Solving the Mystery of TMD

Jane QuachOne of the hardest things about treating TMD could be that many suffering from it don’t even realize that they have it. The symptoms of temporomandibular joint disorder, also called TMJ, include headaches, neck/face pain and a clogging feeling in the ears that may seem to be unrelated to the jaw.

Even if it’s clear that a patient has a jaw problem, it’s not always clear what caused it.

“There is definitely a lot of mystery around TMD. That’s why a big part of my job is helping people to understand and learn how they can manage and treat it,” said Jane Quach, a physical therapist with Ella Health who has special training in TMD treatment.

TMD refers to problems associated with the temporomandibular joint that connects the jawbone to the skull. It could be an issue with the joint itself or with muscles and tissues around it becoming too tight or too weak. Some estimate that 10 million Americans are affected and the majority are women. Symptoms include jaw pain, a popping or clicking with jaw movement and difficulties chewing, along with those that seem unrelated.

Sometimes the cause is clear such as an accident or operation. But it can happen over time due to teeth grinding or clenching, poor posture, arthritis or hormone fluctuations.

“Often it’s a combination of factors, and that makes it difficult to pinpoint an exact cause,” Jane said. “We ask a lot of questions and try to figure it out as best we can because the more we know, the better we can treat it and prevent it from recurring.”

The treatment often includes hands on massage therapy and physically, but gently, manipulating the jaw. Patients get involved by doing exercises that help relieve the pain and strengthen key muscles.

Patients may also need to improve their posture and become more aware when they’re clenching or grinding their teeth, which they may do when stressed.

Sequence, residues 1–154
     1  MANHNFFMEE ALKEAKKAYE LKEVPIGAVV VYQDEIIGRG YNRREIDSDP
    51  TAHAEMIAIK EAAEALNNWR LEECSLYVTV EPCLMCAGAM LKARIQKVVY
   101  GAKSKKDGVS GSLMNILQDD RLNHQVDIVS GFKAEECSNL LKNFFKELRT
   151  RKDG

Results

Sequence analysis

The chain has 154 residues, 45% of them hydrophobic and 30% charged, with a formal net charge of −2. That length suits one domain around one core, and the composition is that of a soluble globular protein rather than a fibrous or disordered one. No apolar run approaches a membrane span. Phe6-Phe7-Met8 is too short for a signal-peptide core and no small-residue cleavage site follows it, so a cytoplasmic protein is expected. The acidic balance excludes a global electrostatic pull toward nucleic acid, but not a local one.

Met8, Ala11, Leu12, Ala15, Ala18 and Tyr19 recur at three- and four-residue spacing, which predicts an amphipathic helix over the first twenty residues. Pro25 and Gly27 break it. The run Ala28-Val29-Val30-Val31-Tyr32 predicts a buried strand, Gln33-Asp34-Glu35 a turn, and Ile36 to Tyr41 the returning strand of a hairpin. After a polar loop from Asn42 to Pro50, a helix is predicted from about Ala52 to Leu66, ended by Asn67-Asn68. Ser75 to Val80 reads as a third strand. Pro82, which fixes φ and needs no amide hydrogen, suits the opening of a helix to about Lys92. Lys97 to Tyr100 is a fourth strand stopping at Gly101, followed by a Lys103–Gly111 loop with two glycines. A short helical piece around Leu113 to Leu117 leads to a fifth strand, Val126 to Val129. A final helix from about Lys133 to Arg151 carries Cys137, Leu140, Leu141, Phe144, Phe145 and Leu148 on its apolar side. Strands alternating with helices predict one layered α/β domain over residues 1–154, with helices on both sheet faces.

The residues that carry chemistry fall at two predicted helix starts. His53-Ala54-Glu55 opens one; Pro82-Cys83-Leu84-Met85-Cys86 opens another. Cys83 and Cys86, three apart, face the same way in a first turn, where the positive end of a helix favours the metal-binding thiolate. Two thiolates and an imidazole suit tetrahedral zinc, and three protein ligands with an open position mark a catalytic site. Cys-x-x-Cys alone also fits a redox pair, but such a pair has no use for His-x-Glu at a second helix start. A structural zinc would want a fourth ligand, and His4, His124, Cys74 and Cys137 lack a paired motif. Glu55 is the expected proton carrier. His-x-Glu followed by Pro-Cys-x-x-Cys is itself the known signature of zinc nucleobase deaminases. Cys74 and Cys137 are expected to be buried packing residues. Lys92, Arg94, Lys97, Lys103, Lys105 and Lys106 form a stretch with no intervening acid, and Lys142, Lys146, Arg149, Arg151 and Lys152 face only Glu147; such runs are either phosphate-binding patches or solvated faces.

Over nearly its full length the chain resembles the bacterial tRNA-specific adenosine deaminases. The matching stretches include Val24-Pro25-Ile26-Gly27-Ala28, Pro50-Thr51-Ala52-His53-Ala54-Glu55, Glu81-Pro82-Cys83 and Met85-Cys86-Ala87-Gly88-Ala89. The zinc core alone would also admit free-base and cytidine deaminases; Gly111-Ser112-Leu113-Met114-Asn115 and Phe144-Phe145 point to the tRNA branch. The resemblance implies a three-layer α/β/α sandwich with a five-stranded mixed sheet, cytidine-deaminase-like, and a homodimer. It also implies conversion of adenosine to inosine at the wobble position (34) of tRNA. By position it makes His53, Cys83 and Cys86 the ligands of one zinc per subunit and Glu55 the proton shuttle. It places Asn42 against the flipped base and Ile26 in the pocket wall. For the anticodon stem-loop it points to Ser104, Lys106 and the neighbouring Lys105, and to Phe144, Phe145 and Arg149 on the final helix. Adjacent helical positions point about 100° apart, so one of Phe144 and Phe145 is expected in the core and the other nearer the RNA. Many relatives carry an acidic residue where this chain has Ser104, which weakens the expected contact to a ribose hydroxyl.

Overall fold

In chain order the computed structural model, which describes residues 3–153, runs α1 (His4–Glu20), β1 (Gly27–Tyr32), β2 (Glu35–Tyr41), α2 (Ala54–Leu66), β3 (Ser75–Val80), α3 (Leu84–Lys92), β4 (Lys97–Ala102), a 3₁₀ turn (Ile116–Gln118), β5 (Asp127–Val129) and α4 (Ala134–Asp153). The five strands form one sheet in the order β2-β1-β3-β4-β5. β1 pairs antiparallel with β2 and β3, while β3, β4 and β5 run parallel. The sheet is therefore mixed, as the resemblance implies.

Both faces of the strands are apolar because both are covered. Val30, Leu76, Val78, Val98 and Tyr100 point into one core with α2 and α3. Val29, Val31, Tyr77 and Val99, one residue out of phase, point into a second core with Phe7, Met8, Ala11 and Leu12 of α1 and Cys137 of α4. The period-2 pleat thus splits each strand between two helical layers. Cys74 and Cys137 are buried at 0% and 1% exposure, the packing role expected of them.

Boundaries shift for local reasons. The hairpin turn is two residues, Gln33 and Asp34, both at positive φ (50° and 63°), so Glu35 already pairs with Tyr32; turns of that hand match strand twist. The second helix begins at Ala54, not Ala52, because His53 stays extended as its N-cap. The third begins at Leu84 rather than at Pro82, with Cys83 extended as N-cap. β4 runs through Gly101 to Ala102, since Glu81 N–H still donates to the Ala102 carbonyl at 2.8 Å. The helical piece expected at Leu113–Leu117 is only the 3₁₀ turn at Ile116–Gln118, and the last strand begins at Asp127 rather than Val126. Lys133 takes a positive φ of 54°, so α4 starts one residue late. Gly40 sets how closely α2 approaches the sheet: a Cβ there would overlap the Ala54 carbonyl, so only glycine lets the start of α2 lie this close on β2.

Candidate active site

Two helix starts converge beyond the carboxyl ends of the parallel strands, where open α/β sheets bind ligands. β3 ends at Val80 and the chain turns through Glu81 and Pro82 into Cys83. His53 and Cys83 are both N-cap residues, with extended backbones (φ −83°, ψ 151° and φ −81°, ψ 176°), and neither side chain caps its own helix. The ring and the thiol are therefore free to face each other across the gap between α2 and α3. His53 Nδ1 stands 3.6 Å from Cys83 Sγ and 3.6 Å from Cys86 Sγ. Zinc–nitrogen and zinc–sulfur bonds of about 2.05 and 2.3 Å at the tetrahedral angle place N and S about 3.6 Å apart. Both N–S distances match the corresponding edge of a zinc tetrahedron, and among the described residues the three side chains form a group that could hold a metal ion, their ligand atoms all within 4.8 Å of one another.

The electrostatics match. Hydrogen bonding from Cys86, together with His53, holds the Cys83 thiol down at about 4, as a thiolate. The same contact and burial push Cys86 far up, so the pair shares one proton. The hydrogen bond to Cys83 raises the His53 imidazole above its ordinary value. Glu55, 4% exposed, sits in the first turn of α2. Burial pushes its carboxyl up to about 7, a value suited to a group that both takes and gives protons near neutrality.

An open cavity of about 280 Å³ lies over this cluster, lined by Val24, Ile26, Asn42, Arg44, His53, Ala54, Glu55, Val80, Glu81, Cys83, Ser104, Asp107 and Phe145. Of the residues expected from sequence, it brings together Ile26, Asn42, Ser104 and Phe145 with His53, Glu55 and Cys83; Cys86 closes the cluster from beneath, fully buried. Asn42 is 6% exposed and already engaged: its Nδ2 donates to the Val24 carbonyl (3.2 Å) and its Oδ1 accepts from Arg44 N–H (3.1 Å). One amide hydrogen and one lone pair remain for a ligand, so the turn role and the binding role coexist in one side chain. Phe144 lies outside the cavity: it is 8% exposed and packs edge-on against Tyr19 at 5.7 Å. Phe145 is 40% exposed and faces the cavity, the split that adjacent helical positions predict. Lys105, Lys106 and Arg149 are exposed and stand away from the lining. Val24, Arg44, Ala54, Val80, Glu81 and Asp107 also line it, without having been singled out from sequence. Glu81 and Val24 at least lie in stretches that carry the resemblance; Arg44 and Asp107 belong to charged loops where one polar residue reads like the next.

“As people become aware of the specific behaviors and activities that can make their problem worse, they can develop better habits that would improve their quality of life,” Jane explained.


When to seek help

Jaw pain and other symptoms due to TMD may fade on their own. But women should consult with a health care provider if they have prolonged or recurring symptoms or if the symptoms interfere with regular activities.

Jane Quach, DPT, CSCS, ART,  specializes in women’s wellness, Pilates and orofacial pain/treatment.  She is a certified strength and conditioning specialist and is certified in ART (Active Release Technique), an advanced soft tissue system/movement based massage technique that treats problems with muscles, tendons, ligaments, fascia and nerves. She has managed, directed and practiced in clinics in Chicago, Los Angeles and San Francisco. Throughout her career, she has worked with many Chicagoland school athletes, and professional athletes including the Chicago Roller Derby teams. Jane earned a Bachelor of Science in rehabilitation and disability studies from the University of Illinois Champaign-Urbana and a Doctorate in physical therapy from Northwestern University.



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